Virtual Simulation Use Across Associate Degree Nursing Programs
One option for learners hoping to enter the field of nursing is to enroll in an associate degree nursing (ADN) education program. As these programs are largely accessible throughout the United States and can offer quality instruction to a diverse population of learners, their instruction directly impacts the field as a whole. This is why proper training of these learners is so important, and learning techniques must be able to properly convey the knowledge and skills necessary in practice. This HealthySimulation.com article shares how healthcare simulation can be employed across ADN programs to ensure successful learning outcomes.
According to Laura Gonzalez, Ph.D., APRN, CNE, CHSE-A, ANEF, FAAN, the VP, of Clinical Learning Resources at Sentinel U, today’s ADN enrollment typically includes large numbers of underrepresented low-income learners. She explains that many ADN programs are underfunded which means community colleges often lack the essential resources required to support faculty development.
Yet, Gonzalez shares that one solution to these barriers is virtual simulation, an affordable alternative that can be incorporated into the nursing curriculum seamlessly. When used correctly, Gonzalez says that virtual simulation can help bridge the gap between traditional simulation and clinical placement. The practice can also be used for remediation and assessment.
To expand on this topic, Gonzalez will present a HealthySimulation.com LEARN Platform webinar titled “Improving Associate Degree Nursing Outcomes with Virtual Simulation” on January 18 at 9 AM PST, UTC-8. This one-hour, intermediate CE clinical simulation webinar presentation will explore the state of ADN education and the unique opportunities virtual simulation can provide to improve clinical outcomes. Upon participating in this healthcare simulation webinar, learners will be able to:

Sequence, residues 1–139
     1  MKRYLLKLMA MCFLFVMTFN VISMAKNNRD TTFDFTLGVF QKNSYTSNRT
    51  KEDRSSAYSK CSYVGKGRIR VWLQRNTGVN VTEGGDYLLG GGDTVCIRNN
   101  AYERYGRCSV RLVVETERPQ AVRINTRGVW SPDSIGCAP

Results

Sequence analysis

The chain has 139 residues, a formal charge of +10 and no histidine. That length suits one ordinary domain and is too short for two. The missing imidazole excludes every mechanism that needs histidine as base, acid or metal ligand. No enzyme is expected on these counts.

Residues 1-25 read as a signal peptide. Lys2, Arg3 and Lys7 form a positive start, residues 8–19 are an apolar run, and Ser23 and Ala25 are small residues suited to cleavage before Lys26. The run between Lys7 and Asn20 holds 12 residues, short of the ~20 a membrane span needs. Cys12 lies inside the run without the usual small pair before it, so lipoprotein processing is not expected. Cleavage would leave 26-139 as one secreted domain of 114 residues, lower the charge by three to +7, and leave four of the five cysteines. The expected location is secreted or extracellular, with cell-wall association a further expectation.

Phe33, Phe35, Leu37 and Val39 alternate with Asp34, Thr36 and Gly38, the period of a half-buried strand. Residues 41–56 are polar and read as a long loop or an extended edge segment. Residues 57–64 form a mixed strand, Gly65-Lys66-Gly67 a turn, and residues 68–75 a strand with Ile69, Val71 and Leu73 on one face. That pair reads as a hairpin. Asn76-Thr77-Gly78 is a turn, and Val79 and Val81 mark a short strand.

- Appreciate the state of associate degree nursing
- Understand the unique needs of ADN students
- Apply screen-based virtual simulation curricular recommendations
Specifically, this session will share best practices when adopting a screen-based clinical simulation solution. Gonzalez, along with Martina Harris, Dean of Nursing and Allied Health at Chattanooga State Community College, will explore the value of screen-based simulation in an ADN nursing program and make curricular recommendations.
Supporting Nursing Simulation Research
The COVID-19 pandemic resulted in many nursing programs having to switch to remote learning options to continue instruction. As a result, virtual simulation has become much more prevalent across these programs. The article “Blended learning via distance in pre-registration nursing education: A scoping review” shares how incorporating virtual learning into a program can have a positive impact on the learners enrolled. To determine the effectiveness of virtual learning, the researchers mapped relevant literature by performing computerized searches of six electronic databases.
From their findings, the researchers identified four barriers to quality learning outcomes among ADN learners, which include active learning, technological barriers, support, and communication. They also found that “pre-registration nursing students find it challenging to engage with “active” teaching methods such as collaboration and online activities.”
Another conclusion made following the study was that learner confidence, satisfaction, and motivation to engage in blended learning programs increased as the learners interacted and they became more familiar with their program. The ability to collaborate with peers, adjust to the learning role and be comfortable with the academic learning environment once orientated to learning programs also reportedly increased confidence over time.
Nursing learners added that, when enrolled in a virtual nursing degree program, the online courses had an easier course workload; and the convenience of coordinating schedules of work, family, and school activities occurred. They attributed other factors related to their success with virtual nursing to have been online course delivery via the computer, information technology skills, and learning preferences.